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the thick boughs of an oak, and his hair, which was very long and beautiful, caught in the boughs of the tree, and the mule going on, he was left hanging by the hair in the tree. Just at this moment, Joab and others of king David's servants passed by; and when they saw him in the tree, they gathered round about him and slew him; and when he was dead, they cast him into a great pit in the wood, and laid a heap of stones upon him.

E. Was David glad, mamma, when he heard that Absalom was dead? Perhaps not, as he loved him so much.

M. No, my love; so far from rejoicing at the news, he mourned greatly; for he had loved Absalom exceedingly, notwithstanding all his ingratitude towards him, and had charged his servants, when they went out against him, saying, "Deal gently, for my sake, with the young man, even with Absalom." You may judge, therefore, of his sorrow, when he heard that his unhappy child had been cut off in the midst of his sins. Deeply did this good father mourn for his undutiful child; saying, “O my son Absalom, my son, my son Absalom! would God I had died for thee, O Absalom, my son, my son!"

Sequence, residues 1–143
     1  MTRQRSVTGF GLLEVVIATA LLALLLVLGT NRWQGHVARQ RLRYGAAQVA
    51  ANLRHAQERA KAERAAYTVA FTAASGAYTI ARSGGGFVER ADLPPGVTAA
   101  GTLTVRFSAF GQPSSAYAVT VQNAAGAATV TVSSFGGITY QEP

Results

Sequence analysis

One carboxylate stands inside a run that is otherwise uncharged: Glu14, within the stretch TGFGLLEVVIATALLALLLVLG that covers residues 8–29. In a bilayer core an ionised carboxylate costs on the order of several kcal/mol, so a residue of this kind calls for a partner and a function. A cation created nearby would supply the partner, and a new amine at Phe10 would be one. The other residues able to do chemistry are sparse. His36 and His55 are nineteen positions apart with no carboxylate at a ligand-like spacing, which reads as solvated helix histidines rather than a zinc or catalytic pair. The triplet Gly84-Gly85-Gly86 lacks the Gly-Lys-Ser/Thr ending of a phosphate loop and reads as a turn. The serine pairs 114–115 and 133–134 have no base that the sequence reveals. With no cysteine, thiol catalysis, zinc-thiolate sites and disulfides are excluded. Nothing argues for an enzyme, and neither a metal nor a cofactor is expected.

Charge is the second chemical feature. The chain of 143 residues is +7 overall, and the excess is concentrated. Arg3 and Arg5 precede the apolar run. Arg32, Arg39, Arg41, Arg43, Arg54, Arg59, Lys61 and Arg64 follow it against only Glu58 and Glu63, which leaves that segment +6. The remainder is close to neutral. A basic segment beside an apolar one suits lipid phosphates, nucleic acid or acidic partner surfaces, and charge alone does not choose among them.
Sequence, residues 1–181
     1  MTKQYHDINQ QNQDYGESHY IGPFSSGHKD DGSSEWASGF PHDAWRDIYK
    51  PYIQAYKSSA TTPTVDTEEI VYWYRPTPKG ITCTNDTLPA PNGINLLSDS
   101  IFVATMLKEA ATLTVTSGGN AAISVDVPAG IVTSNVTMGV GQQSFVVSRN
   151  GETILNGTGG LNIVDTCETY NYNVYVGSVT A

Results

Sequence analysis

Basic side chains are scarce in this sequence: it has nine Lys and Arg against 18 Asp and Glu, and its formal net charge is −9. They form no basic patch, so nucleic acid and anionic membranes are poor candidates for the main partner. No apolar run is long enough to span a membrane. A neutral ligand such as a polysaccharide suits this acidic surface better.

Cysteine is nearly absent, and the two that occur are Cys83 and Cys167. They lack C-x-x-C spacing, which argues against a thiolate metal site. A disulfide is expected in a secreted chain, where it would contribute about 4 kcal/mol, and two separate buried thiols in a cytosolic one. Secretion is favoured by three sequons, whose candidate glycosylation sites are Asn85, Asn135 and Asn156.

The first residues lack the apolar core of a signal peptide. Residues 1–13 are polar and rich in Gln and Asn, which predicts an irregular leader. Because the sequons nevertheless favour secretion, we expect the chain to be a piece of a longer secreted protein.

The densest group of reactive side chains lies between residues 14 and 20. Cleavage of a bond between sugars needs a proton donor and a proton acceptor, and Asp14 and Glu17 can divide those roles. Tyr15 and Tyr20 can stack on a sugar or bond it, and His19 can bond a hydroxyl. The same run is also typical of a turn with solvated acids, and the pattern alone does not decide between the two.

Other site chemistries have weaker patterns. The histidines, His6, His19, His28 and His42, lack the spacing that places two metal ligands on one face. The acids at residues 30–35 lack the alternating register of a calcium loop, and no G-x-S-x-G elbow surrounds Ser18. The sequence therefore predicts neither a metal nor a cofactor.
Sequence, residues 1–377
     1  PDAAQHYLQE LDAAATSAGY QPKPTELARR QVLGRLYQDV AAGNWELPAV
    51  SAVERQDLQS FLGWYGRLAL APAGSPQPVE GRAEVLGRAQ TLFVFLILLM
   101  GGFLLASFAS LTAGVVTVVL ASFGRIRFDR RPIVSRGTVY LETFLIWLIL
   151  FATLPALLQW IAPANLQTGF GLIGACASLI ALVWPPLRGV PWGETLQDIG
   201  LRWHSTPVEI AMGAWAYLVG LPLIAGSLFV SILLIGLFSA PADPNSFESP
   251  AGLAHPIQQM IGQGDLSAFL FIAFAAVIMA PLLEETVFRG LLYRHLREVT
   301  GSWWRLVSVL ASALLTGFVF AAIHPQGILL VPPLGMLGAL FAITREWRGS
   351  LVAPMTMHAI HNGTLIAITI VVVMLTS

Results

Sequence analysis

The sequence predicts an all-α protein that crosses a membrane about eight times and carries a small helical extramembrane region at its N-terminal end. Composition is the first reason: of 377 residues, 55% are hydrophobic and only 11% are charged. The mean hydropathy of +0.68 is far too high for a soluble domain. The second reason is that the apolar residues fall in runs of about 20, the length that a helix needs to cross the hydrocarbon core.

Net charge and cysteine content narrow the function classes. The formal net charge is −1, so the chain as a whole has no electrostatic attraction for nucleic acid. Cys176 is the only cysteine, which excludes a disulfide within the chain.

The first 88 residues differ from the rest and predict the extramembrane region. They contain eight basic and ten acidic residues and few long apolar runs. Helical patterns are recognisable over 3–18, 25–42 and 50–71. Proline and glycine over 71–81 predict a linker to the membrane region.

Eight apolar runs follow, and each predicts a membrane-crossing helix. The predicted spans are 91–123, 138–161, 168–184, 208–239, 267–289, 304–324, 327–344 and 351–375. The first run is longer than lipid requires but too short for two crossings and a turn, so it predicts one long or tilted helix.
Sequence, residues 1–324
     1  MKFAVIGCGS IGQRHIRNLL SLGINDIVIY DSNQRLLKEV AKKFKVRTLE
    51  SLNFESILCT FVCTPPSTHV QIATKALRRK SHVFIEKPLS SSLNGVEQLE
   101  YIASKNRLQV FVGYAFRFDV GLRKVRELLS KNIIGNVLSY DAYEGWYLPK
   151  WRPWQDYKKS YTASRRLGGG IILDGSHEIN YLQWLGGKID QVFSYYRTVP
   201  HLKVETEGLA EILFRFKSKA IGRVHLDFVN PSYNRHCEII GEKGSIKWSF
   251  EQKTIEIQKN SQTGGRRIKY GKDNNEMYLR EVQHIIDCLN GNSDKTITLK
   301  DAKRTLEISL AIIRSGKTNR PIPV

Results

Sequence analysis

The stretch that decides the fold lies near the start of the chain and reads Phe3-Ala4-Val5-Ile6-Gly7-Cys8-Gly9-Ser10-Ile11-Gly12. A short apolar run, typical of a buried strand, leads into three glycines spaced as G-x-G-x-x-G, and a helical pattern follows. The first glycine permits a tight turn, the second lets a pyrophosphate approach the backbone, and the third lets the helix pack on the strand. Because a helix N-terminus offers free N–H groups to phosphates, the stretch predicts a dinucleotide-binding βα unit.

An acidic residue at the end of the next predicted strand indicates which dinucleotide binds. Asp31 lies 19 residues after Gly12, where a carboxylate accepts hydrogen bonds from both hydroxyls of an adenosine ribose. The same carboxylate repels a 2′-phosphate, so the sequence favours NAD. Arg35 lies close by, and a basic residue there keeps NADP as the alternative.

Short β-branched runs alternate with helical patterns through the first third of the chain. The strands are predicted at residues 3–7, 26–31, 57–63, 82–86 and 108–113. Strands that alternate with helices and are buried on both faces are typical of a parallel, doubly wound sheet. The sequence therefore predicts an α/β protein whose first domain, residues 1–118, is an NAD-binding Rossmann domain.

Such, my child, were some of the heavy troubles, with which God saw fit to visit his servant David, for the sad disgrace which he had brought upon his religion. Grievously had he sinned, and grievously was he chastised; meekly too, and sweetly, like a true penitent, did he bear his sorrows, bending humbly under the hand of God, and patiently bearing the evils which his heavenly Father brought upon him. Many a time, I have no doubt, did he wish that he